They will stay in this form gradually growing larger until July. Thats when they pupate, much in the same way as Caterpillars. So if you see an orange and black blob stuck to a leaf please don’t think its a nasty and hurt it!
This is where they turn into the ladybirds we recognise, they will start to emerge around August and carry on munching those nasty aphids for you. They carry on doing so right up until the temperature drops sometimes as late as October when they hide again ready to start all over next year with a new generation.
If you allow a colony of aphids to live on sacrificial plants in your garden you can ensure a healthy population of these wonderful predators to build up. You will never be entirely aphid free even with chemicals but if you put the spray bottle down for a season and give them a chance these guys will do the work for you. I personally move them round, if I find one plant is starting to get mullered by aphids I’ll stick a few ladybirds on it, it helps. After all, ants move aphids around… but i’ll get to that in a bit!
Good sacrificial plants ive come across are Nasturtiums and Feverfew, both pretty enough to give garden space to and attractive to the pests.
Not all ladybirds are black and red, we have some amazing ones in the UK and here’s a great ident guide of both adults & larvae
Its worth mentioning Harlequins at this point, please don’t worry about killing them, its way too late. They arrived on our shores in 2004 and have been trooping steadily across the country since. Yes they are an invader & yes they will predate our natives but in some parts of the UK they are now the dominant species. If you kill every one you see you will have no predators left. Nature will always find a balance if we don’t interfere.
So onto our next friendly predator.
These beautiful flighty, little chaps are an extra special favourite of mine. If you get them drunk on nectar and hold your finger up alongside the flower they will sometimes drowsily come and have a bit rest on the tip, so cute! I found trailing petunias from a hanging basket are particularly good for this sport of hoverfly charming.
But if they drink nectar how can they be predators I hear you cry!
Like the ladybird the hoverfly has several stages to its life and it’s when it’s in its larval stage it turns into an aphid killing monster and its an UGLY monster! I can’t stress this enough it looks vile, here see for yourself…
It would be easy to mistake this slimy looking thing for a baddy, right!
This is one of the reasons it’s so important to be able to identify your garden inhabitants & their lifecycles. In the UK we have 270 known species of hoverfly and they are valuable not only as predators in their larval stages but also as pollinators. About 110 of the known species produce larvae that feed on aphids but not all do. So little is known about hoverflys though including the impact they make on plant pollination.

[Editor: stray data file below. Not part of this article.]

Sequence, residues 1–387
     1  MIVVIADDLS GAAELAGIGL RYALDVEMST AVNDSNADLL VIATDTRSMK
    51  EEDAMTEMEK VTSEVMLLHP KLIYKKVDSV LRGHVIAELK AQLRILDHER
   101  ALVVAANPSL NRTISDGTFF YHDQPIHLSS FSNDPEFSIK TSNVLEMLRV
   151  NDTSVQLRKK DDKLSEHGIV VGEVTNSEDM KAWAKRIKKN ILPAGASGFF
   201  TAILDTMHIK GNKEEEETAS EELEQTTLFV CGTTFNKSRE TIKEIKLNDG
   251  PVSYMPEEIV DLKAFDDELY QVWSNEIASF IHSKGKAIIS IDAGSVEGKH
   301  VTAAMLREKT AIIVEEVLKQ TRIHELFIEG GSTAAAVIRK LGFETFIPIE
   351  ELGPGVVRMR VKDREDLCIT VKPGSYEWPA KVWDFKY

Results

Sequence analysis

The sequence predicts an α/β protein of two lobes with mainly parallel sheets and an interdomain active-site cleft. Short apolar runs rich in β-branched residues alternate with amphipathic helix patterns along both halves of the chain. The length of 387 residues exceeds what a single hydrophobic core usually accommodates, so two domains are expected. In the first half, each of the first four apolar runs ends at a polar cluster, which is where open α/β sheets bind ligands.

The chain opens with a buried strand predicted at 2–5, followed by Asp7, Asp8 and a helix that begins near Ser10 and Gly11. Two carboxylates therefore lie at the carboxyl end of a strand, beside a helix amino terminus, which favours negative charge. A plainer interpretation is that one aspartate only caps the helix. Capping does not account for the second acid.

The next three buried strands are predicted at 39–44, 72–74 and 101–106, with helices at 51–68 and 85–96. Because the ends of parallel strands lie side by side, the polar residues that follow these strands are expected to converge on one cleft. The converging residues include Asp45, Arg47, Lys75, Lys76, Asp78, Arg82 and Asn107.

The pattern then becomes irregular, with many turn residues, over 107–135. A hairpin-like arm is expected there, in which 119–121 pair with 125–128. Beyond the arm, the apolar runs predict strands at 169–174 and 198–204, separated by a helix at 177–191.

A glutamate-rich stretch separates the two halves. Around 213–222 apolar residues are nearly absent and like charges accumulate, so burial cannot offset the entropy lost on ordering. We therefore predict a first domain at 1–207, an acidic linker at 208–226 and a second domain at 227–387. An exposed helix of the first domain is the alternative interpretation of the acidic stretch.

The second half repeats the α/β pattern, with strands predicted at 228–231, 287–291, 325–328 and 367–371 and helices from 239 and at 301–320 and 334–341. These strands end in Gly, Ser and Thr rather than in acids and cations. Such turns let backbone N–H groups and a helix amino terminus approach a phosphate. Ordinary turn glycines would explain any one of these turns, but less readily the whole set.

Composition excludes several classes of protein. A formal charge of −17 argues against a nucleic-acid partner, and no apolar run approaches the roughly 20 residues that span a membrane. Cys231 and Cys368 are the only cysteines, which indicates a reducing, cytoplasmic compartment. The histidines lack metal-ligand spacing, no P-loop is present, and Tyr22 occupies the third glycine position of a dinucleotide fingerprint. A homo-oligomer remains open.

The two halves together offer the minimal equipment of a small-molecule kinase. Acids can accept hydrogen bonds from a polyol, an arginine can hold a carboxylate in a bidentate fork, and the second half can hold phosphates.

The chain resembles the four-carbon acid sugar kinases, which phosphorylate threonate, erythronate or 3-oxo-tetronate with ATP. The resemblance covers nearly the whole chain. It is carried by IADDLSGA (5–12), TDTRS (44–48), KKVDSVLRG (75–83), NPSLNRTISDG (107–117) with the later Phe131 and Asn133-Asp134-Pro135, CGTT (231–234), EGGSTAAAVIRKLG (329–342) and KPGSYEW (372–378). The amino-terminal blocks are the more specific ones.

I am a toad and I live in a hole!
And they do! This chap nearly got himself buried whilst I dug over a border in the middle of summer. If any of you garden on clay you’ll know that during dry spells it can develop some impressive cracks. They can become valuable homes for these friendly predators. Toads spend a lot of their adult lives away from water and will clear your garden of all those nasty slugs and anything else that’s foolish enough to crawl into its range. They can move surprisingly quickly if needs be but always keep an eye out for a hiding Toad when digging or clearing leaves. They prefer damp conditions and will take up residence in piles of detritus under hedges and in corners you don’t normally touch.
I’ve had “pet” toads that took up residence in polytunnels and glasshouses too, always a welcome houseguest!
Another amphibian worth mentioning which is a good indication of your gardens health are Newts, not so much of a predator of pests more of a sign of a healthy ecosystem… and supercute!
For those of you with phobias BRACE!!
(but please keep reading as I saved a cutey for our last garden friend I promise!)
Now I’m not the biggest lover of these 8 legged freaks but we’ve come to an understanding, stay out of my face & I won’t kill you!
I swear they know, I rarely get attacked by one now they know I can fight back!
These chaps in their myriad guises are a gardeners best friend, not all of them spin webs some hunt on the foot…feet…legs… oh god stop!
What you may not have noticed though are their nurseries. A ball of baby arachnids!
Dont do what i did the first time I spotted one, I poked it to investigate what it was and it EXPLODED!! Baby spiders EVERYWHERE!!! (and me running down the garden screaming like a Banshee, true story). Leave them alone and let them do their thing, ugly as sin but twice as effective against Aphids!
Come September though you will see me walking round the garden like some kind of ‘en guarde’ ninja, hand held vertically a foot in front of my face to break any errant webs before they touch me…. better that than the flailing windmill I resemble if they do!
One last creepy crawley which may make you shudder a bit….then a cutey!
Snakes & Slowworms
I personally love and adore these guys but I understand not all of you do